Lara Friedman writes: With the Obama administration in its final year, several officials have said that the president has grown so frustrated with trying to revive Middle East peace talks that he may lay down his own outline for an Israeli-Palestinian two-state peace agreement, in the form of a resolution in the United Nations Security Council.
If that happens, count on two reactions: Israel’s prime minister, Benjamin Netanyahu, will oppose it, and a chorus of American politicians and commentators will suggest that it would be unprecedented — even unthinkable — for an American president to support a Security Council resolution that Israel opposed, rather than veto it.
Last spring, when similar reports circulated, Senator John McCain of Arizona said that such an action would “contradict American policy for the last at least 10 presidents of the United States.” The Republican chairman and ranking Democrat of the House Foreign Affairs Committee joined in a letter protesting that “for decades the U.S. has used its U.N. Security Council veto to protect Israel from undue pressure at the world body.” A bipartisan group of senators agreed, seeking assurances that the policy would not change.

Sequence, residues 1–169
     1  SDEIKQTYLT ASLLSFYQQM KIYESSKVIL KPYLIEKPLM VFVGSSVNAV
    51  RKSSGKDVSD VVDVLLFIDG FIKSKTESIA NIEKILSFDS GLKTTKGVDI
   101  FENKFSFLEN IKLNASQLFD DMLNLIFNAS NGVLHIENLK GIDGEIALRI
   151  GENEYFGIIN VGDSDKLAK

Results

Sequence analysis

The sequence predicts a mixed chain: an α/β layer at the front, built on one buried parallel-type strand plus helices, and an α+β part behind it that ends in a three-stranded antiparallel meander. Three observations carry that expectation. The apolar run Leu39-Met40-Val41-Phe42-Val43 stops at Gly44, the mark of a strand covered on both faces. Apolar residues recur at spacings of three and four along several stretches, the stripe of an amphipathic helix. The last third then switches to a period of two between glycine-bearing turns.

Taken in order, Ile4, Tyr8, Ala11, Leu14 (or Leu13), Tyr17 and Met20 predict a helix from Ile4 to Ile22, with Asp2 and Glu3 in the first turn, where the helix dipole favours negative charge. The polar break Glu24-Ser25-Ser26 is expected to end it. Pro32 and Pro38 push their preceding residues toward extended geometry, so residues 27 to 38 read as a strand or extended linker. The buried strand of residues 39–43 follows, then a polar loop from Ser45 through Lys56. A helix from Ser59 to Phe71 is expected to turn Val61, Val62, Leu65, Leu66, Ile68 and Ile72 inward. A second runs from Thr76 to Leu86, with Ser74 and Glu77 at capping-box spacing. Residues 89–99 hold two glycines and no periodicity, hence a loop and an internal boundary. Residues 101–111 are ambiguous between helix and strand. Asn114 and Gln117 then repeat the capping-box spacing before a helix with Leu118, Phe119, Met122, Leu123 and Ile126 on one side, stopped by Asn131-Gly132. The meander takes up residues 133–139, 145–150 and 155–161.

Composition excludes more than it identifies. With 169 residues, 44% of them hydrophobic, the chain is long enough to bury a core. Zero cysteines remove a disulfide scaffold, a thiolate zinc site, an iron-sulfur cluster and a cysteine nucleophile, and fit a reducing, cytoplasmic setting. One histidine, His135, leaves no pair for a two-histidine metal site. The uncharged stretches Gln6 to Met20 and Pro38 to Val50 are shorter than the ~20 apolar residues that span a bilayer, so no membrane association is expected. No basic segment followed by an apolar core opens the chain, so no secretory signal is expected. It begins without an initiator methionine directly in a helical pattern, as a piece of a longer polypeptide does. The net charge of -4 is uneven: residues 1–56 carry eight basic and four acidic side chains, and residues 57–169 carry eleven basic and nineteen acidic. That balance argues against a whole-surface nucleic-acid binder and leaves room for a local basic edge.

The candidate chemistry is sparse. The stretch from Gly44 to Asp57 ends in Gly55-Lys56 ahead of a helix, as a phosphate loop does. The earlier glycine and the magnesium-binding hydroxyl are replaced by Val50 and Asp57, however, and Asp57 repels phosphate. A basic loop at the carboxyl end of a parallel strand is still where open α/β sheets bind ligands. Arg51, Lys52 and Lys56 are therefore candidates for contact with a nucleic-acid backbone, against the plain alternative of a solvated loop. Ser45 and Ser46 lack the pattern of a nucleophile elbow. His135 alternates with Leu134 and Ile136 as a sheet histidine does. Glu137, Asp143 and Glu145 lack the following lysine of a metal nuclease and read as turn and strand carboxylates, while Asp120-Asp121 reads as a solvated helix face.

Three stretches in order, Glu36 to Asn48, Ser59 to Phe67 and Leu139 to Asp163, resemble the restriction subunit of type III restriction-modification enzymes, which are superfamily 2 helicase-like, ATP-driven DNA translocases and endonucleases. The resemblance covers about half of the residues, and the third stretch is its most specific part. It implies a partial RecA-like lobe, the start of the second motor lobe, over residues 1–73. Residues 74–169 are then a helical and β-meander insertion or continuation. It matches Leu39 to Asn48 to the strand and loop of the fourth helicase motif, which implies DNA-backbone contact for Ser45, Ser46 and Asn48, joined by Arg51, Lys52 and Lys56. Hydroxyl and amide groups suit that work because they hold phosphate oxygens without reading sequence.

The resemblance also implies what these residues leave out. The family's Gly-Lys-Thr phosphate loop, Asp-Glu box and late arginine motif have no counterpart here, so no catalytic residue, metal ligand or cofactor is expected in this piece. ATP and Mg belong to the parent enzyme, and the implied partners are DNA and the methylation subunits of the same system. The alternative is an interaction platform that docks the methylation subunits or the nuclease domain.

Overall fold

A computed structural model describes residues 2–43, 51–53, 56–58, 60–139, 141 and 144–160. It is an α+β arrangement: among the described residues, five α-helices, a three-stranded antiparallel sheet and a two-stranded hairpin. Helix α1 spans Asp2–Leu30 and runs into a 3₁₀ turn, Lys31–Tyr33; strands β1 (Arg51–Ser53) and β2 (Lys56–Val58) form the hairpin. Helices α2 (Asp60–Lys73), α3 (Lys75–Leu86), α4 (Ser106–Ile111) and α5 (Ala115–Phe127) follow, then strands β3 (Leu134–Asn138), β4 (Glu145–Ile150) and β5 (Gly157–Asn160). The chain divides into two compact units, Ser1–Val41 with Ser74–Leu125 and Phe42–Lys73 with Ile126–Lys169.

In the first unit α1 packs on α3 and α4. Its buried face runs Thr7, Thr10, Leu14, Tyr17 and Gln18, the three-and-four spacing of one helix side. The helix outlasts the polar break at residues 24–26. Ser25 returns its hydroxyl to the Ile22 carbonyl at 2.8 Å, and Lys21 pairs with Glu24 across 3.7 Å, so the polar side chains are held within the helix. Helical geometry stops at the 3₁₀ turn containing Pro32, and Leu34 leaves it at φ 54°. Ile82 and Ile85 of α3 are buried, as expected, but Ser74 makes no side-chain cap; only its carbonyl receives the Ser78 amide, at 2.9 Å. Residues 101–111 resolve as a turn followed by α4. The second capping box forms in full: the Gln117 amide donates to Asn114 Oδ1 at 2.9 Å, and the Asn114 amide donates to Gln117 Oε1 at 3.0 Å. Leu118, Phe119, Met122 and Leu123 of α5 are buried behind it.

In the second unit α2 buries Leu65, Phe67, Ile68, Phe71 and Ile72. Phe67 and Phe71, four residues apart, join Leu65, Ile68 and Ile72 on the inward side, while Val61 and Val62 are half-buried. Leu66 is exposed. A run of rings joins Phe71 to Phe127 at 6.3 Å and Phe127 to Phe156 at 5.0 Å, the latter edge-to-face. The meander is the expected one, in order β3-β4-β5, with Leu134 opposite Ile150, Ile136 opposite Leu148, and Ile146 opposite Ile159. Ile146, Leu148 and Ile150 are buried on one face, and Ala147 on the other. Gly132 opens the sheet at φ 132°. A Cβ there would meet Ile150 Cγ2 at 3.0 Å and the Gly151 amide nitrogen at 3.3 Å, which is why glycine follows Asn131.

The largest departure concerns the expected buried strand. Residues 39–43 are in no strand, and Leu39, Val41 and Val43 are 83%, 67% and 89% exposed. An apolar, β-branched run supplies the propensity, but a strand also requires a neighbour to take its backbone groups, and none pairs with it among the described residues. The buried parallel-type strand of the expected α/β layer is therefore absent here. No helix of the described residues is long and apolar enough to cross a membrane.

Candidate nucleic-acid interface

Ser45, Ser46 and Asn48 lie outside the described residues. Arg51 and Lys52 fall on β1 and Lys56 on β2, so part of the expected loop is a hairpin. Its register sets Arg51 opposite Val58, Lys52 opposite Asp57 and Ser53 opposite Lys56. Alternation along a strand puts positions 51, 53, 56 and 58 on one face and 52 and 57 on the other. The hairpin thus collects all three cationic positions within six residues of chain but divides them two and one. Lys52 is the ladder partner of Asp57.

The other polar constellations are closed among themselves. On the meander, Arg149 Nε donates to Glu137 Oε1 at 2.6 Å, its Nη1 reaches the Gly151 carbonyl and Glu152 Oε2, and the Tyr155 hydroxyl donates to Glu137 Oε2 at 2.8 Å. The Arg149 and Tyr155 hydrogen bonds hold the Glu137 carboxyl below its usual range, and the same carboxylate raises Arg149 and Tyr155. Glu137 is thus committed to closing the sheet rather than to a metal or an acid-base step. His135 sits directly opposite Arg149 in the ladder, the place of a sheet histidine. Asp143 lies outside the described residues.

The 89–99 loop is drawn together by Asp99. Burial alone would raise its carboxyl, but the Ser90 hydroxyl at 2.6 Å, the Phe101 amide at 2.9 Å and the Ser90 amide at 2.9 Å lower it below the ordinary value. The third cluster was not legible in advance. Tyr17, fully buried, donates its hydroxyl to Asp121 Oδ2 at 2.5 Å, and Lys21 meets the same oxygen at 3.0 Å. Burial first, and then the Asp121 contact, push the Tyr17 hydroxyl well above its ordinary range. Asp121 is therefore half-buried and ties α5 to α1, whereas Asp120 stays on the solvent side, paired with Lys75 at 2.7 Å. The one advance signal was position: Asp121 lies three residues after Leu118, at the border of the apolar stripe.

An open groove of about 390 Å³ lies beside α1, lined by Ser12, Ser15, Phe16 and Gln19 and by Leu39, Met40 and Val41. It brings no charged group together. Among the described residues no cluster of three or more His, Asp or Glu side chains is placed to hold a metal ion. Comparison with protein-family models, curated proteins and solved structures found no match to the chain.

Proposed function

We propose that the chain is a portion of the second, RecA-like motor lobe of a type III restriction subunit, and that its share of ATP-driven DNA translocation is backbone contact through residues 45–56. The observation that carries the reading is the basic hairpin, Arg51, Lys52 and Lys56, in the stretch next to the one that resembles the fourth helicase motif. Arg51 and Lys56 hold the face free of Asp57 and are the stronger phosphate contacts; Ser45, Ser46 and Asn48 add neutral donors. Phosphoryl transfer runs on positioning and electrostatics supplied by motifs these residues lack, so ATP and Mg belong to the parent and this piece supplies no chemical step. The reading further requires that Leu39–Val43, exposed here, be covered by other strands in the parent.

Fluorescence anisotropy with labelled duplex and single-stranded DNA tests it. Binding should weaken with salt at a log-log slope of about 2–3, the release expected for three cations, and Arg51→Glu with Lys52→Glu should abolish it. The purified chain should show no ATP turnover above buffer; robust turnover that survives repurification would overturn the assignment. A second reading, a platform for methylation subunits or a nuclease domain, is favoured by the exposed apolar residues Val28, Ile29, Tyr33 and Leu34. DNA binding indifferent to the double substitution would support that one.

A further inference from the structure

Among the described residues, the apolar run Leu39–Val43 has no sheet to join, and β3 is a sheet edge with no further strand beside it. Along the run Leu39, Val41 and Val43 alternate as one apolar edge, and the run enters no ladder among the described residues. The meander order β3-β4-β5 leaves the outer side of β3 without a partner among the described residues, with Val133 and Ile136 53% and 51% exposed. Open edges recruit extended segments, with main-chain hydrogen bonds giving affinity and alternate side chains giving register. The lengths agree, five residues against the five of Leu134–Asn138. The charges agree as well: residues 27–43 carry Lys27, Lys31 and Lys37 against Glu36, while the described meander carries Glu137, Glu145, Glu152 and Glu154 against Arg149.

Remarkably, the assumption beneath those protests — that President Obama would be committing an unprecedented betrayal of the American-Israeli relationship if he did not block every Security Council resolution that challenged the actions or positions of Israel’s government — has gone unchallenged.
Yet it flies in the face of truth. Over seven years, Mr. Obama has not permitted passage of any Security Council resolution specifically critical of Israel. But a careful examination of the record shows that, since 1967, every other American president allowed, or even had America vote for, Security Council resolutions taking Israel to task for actions and policies toward the Palestinians and other Arab neighbors. [Continue reading…]